Sudan’s post-coup future. The United Nations and African Union (AU) are holding a meeting with Sudan to map out the East African country’s fragile transition from decades of autocratic rule as the country’s new prime minister, Abdalla Hamdok, makes his UNGA debut. With a shaky and uncertain shift to democracy underway, Hamdok brought a new tone to UNGA that contrasts sharply with the deposed leader he replaced; former President Omar al-Bashir, now jailed in Sudan after he was overthrown, ruled the country with an iron fist during his 30 years in power and has been accused of war crimes and widespread human rights abuses.
Hamdok attended a media freedom event and agreed to open access to his country with the U.N. Human Rights commissioner. The AU has taken the lead on managing Sudan’s attempt to transition to democracy, and that trend should continue, said Richard Gowan, U.N. Director of the International Crisis Group. “This is a case where the UN should aim to be ‘best supporting actor’ rather than the star, bringing economic expertise to back up the AU’s work on Sudan’s transition,” he said.
New push for peace in Libya. Though it largely flew under the radar at UNGA this week, major powers in the United Nations have engaged in a new push to resolve a conflict in Libya that has morphed into a proxy war between rivals in the Middle East and North Africa. France and Italy, which have clashed on their respective Libya policies a in the past, co-chaired a high-level meeting at UNGA this week to try and kickstart new efforts on peace talks.
Libyan Prime Minister Fayez Sarraj, in his speech before the U.N. General Assembly, ruled out talks with Libyan Gen. Khalifa Haftar, who has been fighting to take control of Tripoli from Sarraj’s internationally recognized government.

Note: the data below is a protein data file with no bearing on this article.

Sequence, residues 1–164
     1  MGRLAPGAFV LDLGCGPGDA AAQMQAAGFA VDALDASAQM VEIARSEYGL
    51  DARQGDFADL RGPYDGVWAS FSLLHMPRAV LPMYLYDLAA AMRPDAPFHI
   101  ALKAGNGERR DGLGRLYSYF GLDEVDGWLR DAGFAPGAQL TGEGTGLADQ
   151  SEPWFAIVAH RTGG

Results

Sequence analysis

After repeatedly rejecting calls for talks, Haftar on Thursday changed his tune, saying he was ready for dialogue. Sarraj blamed Haftar for plotting a coup and stoking further violence in the oil-rich North African country, calling the general a “war criminal” in his U.N. address. Egypt and the United Arab Emirates have backed Haftar, while Turkey and Qatar have backed the internationally-recognized government.
“We’re talking about a proxy war in Libya, and every country is being involved one way or another in different levels,” said Taher el-Sonni, a political advisor to Sarraj who has been nominated to be Libya’s new U.N. ambassador. “In the end of the day, Libyans are dying from both sides.”
El-Sonni said he appreciated U.N. efforts to support dialogue and democracy in his country, but broad frustrations remained. “It’s very upsetting that we hear from time to time meetings around the world discussing what should happen for Libya, where nobody’s trying to have the Libyans engaged properly to decide on their future, because it’s their country,” he told Foreign Policy.
U.N. Peacekeeping Worldwide
The United Nations has 14 peacekeeping operations around the world. Here’s an overview of where its peacekeepers are deployed.
Guterres Goes All in on Climate Change
It’s been a bad week for the world’s climate, with a newly released U.N. report forecasting a dire future for overheating oceans and new but underwhelming international pledges to cut carbon emissions. But it’s been a good week for U.N. Secretary-General António Guterres, who rode his climate crusade to the cover of Time magazine.
For a U.N. chief who has made little traction in resolving conflicts from Syria to Libya and received public criticism for not speaking out forcefully enough on human rights, Guterres has effectively positioned himself as the avuncular face of the international effort to fight global warming. He has aligned himself with youth activists like Greta Thunberg, and publicly prodded governments to tax carbon, end fossil fuel subsidies, and pony up more money to help the world’s poorest countries grapple with the impact of the climate crisis.
“The fact that Guterres is pushing so hard on climate represents an evolution of his understanding of his role,” Richard Gowan, a U.N. expert with the International Crisis Group, told reporters last week.
When the former Portuguese prime minister arrived in New York nearly three years ago, Gowan said, he figured that his predecessor, former U.N. Secretary-General Ban Ki-moon, had already done the heavy lifting on climate change. Ban prodded world leaders, notably U.S. President George W. Bush, to support climate action and spent his second term helping build political momentum for the 2015 Paris Climate Agreement.